By Renz Balagtas, Program Assistant for GBCA & 2018 Urban Arts Leadership Fellow
They say that time flies when you’re having fun and my fellowship with The Clarice Smith Performing Arts Center is coming to an end. Earlier this week, as I installed the last photograph in an exhibition I curated for them, I felt a gust of excitement wash over me and I almost forgot that soon I would have to say goodbye to all the great people that I met as The Urban Arts Leadership Fellow for The Clarice. I suppose that my time with The Clarice has “flown,” but the half-year I spent working here has left an impression on me that will influence the rest of my life.
I started working at The Clarice through my fellowship with the Urban Arts Leadership Program, as part of the program’s organizational integration period. Four months into my UALP fellowship, several host organizations were invited to sit down with each member of the cohort for 15 minutes. Sort of like a speed dating job interview! There were ten organizations and ten fellows who all got a chance to get to know each other. The interview process was short but it was great to sit down with the leaders of each organization who would be mentoring us through our partnership project. At the end of the interviews, both the hosts and fellows were told to write down our top three favorites. Two weeks later, the partnerships were announced. I was paired with The Clarice Smith Performing Arts Center, my first option!
I remember my first day at The Clarice. I did not know what to expect from the partnership even after looking at photos of the building and digging through their website. I was a visual artist, after all. I am not an elegant dancer, I wasn’t a practicing actor, and the only musical performing I’ve ever done was in my friend’s garage. All of these “what-ifs” rattled around inside my head until I finally pulled up to the entrance of the University of Maryland. I was greeted by a massive stadium and The Clarice, equally as impressive, across the street. To a first-timer like me, navigating the building felt like I was stepping into a labyrinth. I stumbled my way into a meeting room where a few senior staff members of The Clarice greeted me with smiles. “You found us!” they said.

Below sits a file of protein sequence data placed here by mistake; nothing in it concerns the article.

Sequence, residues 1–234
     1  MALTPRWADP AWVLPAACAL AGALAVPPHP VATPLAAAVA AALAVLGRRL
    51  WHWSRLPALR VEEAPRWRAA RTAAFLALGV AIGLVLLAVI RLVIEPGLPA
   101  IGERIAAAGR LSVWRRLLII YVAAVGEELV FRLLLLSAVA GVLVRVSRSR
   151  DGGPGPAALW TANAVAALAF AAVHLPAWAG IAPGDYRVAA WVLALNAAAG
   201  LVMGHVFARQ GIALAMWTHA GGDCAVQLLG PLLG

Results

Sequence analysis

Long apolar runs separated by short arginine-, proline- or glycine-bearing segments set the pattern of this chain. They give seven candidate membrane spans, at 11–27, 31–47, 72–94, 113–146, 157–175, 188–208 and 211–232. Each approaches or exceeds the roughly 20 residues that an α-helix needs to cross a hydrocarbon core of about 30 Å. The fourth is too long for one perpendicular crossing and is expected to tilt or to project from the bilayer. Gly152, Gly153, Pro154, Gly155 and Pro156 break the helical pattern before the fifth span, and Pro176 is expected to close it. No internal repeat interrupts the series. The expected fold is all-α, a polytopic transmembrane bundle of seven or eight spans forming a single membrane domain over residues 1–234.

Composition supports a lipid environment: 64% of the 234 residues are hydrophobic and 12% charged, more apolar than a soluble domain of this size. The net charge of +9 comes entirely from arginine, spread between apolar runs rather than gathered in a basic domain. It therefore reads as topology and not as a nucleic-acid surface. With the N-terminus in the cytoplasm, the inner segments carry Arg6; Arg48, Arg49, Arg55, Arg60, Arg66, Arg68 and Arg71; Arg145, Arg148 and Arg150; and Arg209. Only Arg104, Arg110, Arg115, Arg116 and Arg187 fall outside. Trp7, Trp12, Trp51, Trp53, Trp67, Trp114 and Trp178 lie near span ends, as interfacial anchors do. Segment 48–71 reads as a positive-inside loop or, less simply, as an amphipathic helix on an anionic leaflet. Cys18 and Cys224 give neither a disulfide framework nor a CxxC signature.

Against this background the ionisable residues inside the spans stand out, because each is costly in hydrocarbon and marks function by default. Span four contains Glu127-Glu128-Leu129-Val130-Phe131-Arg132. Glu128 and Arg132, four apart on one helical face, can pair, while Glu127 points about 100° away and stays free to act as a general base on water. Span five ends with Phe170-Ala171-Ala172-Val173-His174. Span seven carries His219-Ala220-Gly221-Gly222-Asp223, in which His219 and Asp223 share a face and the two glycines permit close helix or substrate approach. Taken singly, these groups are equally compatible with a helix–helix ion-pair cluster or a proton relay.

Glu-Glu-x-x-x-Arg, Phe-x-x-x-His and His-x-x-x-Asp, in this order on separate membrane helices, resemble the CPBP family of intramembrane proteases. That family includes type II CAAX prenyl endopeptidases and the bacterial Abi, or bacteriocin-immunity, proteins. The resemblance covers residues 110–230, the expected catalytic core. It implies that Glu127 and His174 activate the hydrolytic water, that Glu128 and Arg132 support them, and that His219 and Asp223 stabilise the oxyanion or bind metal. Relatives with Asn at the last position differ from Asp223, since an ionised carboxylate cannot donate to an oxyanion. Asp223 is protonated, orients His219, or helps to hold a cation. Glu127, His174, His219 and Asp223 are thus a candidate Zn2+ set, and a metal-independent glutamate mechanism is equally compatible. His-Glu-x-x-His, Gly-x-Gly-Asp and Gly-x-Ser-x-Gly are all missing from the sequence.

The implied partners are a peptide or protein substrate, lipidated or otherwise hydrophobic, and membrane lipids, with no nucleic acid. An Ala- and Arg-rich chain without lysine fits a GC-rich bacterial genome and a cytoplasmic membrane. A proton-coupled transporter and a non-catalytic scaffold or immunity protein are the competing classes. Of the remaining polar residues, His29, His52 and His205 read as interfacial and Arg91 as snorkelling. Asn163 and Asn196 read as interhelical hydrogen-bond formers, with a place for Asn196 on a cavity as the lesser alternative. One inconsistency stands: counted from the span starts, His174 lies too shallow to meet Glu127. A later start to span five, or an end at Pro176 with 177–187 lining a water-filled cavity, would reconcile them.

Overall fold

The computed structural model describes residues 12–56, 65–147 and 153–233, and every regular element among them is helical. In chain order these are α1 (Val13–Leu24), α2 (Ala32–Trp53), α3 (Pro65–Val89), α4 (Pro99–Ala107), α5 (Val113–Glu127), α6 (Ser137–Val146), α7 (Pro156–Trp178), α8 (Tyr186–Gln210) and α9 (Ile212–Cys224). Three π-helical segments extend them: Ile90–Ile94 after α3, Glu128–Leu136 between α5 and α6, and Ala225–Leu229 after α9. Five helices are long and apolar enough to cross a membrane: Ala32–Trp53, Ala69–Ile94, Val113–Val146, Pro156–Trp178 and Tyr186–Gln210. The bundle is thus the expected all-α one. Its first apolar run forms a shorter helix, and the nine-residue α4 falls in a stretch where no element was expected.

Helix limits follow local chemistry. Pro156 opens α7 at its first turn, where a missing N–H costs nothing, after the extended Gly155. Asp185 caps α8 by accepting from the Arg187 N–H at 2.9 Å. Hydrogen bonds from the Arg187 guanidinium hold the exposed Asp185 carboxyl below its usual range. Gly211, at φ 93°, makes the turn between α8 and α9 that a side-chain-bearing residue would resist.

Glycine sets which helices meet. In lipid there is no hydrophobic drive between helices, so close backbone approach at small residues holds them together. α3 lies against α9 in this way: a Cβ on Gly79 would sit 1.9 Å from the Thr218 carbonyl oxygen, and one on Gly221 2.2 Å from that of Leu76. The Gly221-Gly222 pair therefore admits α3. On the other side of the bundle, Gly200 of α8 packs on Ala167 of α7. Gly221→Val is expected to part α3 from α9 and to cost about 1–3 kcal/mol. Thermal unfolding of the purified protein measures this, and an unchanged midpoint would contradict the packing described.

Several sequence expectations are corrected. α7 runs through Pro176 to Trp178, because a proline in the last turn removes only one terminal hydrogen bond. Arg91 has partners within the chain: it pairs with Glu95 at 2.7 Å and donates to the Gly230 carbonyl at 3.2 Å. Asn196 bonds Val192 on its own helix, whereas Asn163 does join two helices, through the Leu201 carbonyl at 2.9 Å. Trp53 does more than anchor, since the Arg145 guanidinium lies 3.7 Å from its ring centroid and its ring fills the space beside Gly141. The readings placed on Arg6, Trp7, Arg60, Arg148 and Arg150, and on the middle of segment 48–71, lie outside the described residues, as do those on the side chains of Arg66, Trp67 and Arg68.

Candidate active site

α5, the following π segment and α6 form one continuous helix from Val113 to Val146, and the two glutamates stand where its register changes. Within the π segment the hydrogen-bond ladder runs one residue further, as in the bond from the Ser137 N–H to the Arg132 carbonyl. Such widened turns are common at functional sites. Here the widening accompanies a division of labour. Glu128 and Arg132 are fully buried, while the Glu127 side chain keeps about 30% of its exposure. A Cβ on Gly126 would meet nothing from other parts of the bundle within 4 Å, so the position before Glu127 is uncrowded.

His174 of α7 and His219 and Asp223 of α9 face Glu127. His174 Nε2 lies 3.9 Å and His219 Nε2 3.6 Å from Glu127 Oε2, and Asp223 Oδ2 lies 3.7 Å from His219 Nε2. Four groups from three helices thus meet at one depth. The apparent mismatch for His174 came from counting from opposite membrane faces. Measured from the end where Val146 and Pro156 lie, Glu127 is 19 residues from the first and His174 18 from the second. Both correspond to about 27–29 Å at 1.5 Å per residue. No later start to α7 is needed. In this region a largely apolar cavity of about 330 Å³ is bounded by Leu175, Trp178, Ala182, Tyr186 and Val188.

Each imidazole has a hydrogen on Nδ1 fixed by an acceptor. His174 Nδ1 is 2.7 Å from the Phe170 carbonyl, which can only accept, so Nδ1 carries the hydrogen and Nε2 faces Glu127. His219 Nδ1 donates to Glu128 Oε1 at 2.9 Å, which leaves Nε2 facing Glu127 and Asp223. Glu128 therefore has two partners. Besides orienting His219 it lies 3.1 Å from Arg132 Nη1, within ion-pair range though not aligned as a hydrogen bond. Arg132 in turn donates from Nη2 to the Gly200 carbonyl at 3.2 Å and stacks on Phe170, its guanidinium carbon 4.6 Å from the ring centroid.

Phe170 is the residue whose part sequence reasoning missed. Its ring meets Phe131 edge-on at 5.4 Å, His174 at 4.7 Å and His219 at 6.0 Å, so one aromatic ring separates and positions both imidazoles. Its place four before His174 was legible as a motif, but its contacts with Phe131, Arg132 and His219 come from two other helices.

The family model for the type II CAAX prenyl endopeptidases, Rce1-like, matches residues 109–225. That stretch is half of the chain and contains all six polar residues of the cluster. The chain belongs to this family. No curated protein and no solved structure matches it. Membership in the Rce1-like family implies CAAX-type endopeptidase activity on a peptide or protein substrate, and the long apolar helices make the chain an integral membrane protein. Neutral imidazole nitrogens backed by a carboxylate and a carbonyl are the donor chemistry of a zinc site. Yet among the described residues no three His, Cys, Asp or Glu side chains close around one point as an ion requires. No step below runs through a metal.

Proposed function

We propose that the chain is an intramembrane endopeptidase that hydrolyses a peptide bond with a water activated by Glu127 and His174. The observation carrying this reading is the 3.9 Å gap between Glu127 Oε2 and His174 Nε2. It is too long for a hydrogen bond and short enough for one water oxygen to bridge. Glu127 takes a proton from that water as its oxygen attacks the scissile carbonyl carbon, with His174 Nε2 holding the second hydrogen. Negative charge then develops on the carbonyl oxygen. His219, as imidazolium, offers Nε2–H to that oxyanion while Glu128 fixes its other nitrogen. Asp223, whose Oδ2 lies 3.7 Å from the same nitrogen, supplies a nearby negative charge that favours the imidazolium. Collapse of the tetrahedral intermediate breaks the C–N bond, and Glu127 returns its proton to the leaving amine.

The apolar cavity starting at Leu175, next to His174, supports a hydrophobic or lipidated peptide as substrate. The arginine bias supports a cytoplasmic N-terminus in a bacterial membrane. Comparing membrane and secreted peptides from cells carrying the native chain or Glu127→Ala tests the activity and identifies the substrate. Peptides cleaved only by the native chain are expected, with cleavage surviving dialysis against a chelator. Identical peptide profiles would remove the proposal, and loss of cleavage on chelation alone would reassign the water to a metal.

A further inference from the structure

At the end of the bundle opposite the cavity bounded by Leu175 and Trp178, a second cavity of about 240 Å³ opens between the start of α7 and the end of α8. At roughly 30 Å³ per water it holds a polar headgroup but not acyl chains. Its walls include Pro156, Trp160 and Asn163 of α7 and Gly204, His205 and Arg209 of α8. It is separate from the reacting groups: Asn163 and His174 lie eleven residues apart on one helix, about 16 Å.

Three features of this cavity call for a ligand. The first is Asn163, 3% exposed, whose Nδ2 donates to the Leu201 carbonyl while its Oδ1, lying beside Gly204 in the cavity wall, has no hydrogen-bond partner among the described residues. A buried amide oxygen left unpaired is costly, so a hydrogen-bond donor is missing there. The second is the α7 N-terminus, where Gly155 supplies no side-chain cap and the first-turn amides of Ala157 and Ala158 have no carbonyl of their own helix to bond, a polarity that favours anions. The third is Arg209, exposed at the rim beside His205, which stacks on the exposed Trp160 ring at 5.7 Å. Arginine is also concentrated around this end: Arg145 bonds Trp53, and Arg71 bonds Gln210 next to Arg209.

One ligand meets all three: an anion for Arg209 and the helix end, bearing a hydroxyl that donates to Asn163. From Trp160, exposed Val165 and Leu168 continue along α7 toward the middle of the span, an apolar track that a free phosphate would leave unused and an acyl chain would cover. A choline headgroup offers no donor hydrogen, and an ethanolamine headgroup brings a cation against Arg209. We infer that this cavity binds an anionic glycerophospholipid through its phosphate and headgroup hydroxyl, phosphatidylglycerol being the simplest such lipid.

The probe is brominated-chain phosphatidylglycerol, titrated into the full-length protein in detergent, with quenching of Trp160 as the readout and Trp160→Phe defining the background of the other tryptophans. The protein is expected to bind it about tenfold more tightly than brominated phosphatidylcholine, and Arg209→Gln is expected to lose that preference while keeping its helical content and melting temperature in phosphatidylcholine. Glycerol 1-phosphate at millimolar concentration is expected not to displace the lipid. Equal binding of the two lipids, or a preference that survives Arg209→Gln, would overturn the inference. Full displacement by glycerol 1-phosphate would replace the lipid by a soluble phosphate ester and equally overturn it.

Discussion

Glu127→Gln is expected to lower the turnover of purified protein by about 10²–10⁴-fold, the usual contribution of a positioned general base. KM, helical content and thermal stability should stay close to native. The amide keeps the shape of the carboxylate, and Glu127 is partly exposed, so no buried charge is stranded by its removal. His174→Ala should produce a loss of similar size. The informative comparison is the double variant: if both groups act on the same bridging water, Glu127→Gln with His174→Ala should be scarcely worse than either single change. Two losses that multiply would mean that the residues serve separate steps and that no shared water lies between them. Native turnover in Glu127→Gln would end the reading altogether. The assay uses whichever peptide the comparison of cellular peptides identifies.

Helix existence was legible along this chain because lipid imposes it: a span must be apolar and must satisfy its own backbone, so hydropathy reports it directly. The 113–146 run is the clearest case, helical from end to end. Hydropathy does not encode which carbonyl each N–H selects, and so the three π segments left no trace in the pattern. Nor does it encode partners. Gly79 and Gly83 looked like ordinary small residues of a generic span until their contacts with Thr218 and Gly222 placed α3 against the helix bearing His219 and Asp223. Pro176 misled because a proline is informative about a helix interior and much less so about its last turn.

After obligatory introductions, we got down to the nitty gritty. How could my skills be developed, and what kind of projects could The Clarice offer me? They admitted that it was unusual for a visual artist to work in a performing arts center, but we all agreed that my skills as a muralist, small business owner, and curator could overlap with the goals of the organization. My mentor-to-be Erica Bondarev Rapach sounded excited at the opportunity to work with somebody with a different background than what she was used to. In that first meeting, we settled on the projects I would eventually work on: A community arts painting project, and a curated exhibition for the National Orchestral Institute + Festival. As quickly as the meeting started, we were up and running for our first project.